It is uncanny. I will say that these flowers provide hours of entertainment for the children, because they are determined that none of them be chopped by the lawn mower. Every time my husband says he’s going to mow the lawn, they sprint outside to pick all the flowers and cover my kitchen in bouquets. I will miss this stage so much when they grow out of it…sigh…at least then I will know that I really did try to enjoy it all in the moment.  Bring on the bouquets, girls!

Finally, since I mentioned the racecar and train that appeared in T’s Easter basket, let me include a few photos of the holiday.  We tried to capture the meaning of the season – telling the kids an age-appropriate version of the crucifixion and resurrection (when S heard Jesus died and came back to life, she said, “Hmm.  I think that’s what I’ll do too”, then let out that little breath that almost made it sound like “Well then, that’s one less thing to worry about.  What’s for dinner?”  It was a good opportunity to tell her we can all come back to life, and live forever in heaven.  (Happy belated Easter, everyone!)

Then there were the secular celebrations.  Here we are dyeing Easter eggs

T got a plastic egg and a cup of water, and was absolutely a part of it at the age of 1!

I know you can see the plastic egg in the photo…can you also see the clear plastic cup of water he dunked this egg into for half an hour? He kept yelling out random colors while he did it, mimicking the words his sisters were saying as they dyed their eggs. I remember taking this photo. He shoved the egg right at the camera and yelled “purple!” So we have the spirit of the activity covered…we’ll work on colors next year : )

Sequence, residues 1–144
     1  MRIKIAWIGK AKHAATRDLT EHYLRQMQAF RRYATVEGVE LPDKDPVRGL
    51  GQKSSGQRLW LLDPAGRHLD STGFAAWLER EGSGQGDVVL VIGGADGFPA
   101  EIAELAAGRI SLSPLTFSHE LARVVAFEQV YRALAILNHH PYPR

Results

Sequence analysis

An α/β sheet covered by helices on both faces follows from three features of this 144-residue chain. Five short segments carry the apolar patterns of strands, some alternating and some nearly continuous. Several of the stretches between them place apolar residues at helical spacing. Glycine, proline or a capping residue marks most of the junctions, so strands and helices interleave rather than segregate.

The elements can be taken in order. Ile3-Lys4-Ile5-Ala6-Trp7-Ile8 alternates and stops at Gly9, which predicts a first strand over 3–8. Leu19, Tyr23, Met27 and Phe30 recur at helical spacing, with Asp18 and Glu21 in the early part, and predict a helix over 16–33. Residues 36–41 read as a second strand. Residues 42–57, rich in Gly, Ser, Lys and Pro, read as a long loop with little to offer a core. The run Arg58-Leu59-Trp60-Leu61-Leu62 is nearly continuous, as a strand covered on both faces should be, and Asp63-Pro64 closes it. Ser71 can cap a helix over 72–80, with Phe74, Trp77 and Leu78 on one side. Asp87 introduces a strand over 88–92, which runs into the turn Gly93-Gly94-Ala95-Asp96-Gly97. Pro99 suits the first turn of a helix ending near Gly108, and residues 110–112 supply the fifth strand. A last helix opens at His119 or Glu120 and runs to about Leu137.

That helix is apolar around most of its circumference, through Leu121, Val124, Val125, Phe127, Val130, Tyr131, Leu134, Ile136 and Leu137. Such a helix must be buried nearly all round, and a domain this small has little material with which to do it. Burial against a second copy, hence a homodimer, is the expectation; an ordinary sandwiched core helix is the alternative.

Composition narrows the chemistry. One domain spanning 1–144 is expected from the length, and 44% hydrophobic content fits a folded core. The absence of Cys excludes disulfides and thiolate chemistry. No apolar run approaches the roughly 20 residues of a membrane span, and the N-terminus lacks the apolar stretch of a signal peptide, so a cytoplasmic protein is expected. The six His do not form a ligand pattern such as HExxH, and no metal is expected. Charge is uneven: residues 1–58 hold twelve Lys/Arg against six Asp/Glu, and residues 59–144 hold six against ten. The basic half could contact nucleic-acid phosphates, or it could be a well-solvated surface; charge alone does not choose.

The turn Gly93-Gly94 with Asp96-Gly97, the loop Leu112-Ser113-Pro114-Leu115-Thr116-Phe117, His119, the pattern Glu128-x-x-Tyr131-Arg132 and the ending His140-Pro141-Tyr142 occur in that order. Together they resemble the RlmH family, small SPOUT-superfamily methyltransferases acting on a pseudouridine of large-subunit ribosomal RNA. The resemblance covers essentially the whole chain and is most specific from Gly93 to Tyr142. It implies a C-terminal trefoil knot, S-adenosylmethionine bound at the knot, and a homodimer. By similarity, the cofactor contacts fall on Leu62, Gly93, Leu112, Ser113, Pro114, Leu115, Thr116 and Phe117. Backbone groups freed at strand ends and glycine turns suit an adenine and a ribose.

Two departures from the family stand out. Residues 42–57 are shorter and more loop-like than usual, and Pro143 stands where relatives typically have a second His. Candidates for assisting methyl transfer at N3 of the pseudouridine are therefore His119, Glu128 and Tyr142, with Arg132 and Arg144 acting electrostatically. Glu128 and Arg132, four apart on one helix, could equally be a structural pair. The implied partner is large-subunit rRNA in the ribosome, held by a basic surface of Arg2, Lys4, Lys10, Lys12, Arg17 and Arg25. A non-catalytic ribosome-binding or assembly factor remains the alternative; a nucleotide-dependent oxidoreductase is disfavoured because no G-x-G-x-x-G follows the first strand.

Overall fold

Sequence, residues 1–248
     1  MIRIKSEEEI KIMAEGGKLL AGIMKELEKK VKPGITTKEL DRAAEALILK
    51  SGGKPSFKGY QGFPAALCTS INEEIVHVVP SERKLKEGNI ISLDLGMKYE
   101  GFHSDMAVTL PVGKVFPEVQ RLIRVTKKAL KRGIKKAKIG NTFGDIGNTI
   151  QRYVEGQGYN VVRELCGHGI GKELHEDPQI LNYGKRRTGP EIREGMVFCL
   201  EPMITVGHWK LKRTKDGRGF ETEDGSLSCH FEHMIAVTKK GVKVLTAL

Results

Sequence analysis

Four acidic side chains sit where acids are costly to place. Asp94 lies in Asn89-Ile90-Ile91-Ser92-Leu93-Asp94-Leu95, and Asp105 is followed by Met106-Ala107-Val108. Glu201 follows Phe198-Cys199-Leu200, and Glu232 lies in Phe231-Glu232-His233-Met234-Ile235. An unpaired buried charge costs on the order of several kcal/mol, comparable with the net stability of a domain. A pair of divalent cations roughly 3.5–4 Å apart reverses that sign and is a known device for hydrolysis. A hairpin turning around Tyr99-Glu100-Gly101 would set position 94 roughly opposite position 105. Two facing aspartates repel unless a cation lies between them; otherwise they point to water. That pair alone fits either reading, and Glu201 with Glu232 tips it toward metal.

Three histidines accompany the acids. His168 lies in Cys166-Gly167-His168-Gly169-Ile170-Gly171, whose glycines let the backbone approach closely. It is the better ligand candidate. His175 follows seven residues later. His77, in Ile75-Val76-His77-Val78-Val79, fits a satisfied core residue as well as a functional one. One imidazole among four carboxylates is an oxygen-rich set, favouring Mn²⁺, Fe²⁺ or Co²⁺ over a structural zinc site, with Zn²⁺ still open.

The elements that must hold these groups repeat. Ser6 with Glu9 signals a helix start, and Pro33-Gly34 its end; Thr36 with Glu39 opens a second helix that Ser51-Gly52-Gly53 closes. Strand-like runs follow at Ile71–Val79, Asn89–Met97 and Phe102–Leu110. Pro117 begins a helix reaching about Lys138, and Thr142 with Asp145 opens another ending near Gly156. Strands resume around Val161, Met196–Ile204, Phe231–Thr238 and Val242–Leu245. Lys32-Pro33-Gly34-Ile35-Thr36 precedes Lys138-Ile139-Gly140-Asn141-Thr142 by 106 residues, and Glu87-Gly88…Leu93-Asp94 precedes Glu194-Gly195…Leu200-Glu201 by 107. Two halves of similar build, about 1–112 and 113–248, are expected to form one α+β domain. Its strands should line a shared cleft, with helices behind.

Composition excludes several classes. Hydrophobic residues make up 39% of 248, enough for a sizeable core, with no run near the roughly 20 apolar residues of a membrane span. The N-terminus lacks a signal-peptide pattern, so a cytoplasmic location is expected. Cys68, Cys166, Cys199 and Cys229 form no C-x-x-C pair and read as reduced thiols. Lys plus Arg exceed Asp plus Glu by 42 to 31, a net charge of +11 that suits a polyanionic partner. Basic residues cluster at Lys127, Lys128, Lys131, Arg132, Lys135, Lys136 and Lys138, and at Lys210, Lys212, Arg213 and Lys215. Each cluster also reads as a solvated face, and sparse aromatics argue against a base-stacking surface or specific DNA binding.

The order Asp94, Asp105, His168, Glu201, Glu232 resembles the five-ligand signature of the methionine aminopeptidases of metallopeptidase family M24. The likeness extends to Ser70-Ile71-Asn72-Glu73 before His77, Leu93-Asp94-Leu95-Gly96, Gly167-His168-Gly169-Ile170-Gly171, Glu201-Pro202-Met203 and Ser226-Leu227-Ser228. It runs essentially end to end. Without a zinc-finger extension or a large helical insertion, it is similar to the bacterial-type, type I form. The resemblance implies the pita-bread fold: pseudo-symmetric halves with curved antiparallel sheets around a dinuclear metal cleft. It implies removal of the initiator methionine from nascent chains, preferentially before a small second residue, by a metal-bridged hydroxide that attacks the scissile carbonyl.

S at our church egg hunt

Hunting eggs in our house Easter morning

E & S hunting eggs on Easter morning. Note that it is still pitch black outside the windows. The kids were so excited that they woke up insanely early. Also…note to self: ask the Easter Bunny to make a quick list of where the eggs are hidden. There was one we couldn’t find for a few days, and of course it was one of the real, hard boiled eggs. Fortunately, we did find it before the smell found us! I was like Kirk in that episode of Gilmore Girls, looking for the egg…anyone else remember that episode?!

We also enjoyed spending part of the weekend with cousins and the other part with friends.  Beautiful company, beautiful weather, beautiful time.  Love all y’all!

In the “less than beautiful” category…My deviled eggs didn’t turn out exactly right…